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    Posted June 20, 2014 by
    St. Louis, MO

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    Research Inches Closer To Cure For Hearing Loss


    Researchers are constantly working to unlock the complexities of hearing loss and our auditory system.  A recent study pinpointed a specific protein in the inner ear that is essential in converting sound in the brain. The team from the Institut Pasteur in Paris and College de France set out to identify the essential connection in the inner ear that converts sounds into electrical signals.

    Scientists have known that 3 types of protein (protocadherin-15) exist in the auditory sensory cells of the inner ear, but they were not sure what each type was responsible for.

    In their findings published in the journal EMBO Molecular Medicine the French research team states that the absence or impairment of the CD2 isoform results in profound deafness in mice and humans. CD2 is the key to sound conversion. If it is abnormal or absent the hair cells do no convert sound into electrical signals for the brain to read. Now that scientists have discovered the exact point where the process is disrupted they can start working on a way to fix it.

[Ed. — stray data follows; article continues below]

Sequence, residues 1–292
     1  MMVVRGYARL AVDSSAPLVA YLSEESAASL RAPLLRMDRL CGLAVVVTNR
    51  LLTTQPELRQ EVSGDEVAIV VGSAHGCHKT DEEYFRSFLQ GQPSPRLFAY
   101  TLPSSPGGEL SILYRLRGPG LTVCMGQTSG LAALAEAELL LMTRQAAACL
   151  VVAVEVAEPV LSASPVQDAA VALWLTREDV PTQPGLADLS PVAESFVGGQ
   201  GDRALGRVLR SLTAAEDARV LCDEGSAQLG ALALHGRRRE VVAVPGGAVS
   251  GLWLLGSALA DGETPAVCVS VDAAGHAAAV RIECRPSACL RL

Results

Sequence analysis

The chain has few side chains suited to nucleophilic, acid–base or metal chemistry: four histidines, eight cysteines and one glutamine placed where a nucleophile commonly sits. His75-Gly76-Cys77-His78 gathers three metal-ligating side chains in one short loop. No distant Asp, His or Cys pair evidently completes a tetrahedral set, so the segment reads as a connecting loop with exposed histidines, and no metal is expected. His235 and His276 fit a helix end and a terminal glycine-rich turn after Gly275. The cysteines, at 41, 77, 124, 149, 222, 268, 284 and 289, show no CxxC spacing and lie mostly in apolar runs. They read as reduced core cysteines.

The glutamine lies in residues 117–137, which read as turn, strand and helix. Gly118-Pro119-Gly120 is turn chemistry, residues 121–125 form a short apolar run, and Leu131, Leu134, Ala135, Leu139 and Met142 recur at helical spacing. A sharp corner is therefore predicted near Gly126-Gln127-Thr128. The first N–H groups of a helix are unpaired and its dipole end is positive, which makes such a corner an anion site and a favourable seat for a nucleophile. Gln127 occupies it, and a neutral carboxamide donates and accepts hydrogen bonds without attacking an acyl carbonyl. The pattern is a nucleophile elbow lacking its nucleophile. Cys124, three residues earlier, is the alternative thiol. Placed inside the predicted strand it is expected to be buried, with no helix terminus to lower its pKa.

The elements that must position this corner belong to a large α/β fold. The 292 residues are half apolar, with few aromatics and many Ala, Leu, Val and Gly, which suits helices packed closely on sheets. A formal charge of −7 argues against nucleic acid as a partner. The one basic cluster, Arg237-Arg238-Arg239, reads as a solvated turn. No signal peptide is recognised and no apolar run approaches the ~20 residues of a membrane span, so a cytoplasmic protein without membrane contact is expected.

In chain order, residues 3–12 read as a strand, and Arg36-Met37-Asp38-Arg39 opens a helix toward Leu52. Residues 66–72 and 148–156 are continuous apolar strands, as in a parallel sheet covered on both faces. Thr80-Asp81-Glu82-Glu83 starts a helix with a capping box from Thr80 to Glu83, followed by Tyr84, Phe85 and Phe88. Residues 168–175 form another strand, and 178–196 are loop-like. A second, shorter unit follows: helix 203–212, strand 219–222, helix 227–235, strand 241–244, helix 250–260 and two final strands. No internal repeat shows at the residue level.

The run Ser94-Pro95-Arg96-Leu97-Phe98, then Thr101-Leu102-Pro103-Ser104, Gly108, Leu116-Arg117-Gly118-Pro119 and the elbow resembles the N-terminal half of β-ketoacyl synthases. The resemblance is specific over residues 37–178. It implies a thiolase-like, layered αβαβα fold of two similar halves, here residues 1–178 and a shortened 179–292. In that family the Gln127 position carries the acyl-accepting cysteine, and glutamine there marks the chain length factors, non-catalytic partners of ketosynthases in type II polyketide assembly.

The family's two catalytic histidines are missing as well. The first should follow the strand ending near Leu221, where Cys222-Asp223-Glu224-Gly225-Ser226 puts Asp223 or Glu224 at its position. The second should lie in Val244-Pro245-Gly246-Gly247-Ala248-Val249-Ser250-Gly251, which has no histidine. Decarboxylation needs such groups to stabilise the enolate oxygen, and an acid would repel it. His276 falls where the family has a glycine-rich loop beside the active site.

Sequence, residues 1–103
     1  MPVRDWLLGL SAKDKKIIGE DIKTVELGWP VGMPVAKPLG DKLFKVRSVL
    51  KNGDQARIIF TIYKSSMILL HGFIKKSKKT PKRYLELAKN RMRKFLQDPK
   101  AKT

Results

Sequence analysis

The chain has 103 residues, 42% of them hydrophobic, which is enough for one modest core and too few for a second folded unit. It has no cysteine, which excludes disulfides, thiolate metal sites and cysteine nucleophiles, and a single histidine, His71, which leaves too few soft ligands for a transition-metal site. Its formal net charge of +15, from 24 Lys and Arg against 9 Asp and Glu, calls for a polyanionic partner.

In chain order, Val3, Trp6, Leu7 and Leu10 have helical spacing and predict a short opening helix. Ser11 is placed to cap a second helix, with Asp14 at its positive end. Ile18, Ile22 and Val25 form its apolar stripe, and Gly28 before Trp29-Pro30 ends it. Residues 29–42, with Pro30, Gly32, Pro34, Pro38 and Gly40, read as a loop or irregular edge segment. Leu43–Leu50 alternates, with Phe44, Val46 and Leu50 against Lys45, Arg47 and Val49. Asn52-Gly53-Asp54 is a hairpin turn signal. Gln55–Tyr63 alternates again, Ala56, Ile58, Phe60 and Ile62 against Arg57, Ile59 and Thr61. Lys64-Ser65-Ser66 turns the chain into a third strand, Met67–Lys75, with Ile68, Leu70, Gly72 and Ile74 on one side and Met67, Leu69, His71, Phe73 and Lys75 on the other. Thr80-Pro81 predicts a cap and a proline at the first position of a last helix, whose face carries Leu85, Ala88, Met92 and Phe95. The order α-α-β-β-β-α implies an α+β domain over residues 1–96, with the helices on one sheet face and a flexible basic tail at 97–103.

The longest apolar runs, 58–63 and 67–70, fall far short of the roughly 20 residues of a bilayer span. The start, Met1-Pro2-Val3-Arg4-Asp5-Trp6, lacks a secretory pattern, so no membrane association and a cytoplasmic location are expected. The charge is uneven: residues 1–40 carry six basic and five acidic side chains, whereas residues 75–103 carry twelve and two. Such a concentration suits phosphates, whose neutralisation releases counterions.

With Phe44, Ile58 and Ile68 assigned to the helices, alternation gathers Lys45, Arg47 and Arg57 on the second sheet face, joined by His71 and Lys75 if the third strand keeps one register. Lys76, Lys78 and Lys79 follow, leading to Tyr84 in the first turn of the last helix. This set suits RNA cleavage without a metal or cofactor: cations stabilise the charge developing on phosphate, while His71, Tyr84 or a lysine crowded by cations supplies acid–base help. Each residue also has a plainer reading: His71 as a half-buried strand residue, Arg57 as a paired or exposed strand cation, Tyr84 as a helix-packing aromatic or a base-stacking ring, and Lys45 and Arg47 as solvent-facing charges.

The Researchers on this particular study say they plan to use this as a starting point for developing gene therapy strategies for deafness. This study is just one more example of how science is always at work to try and improve the lives of those with hearing loss. From advancements in hearing aid technology to alerts about the countless causes of hearing loss research in the hearing field is endless.

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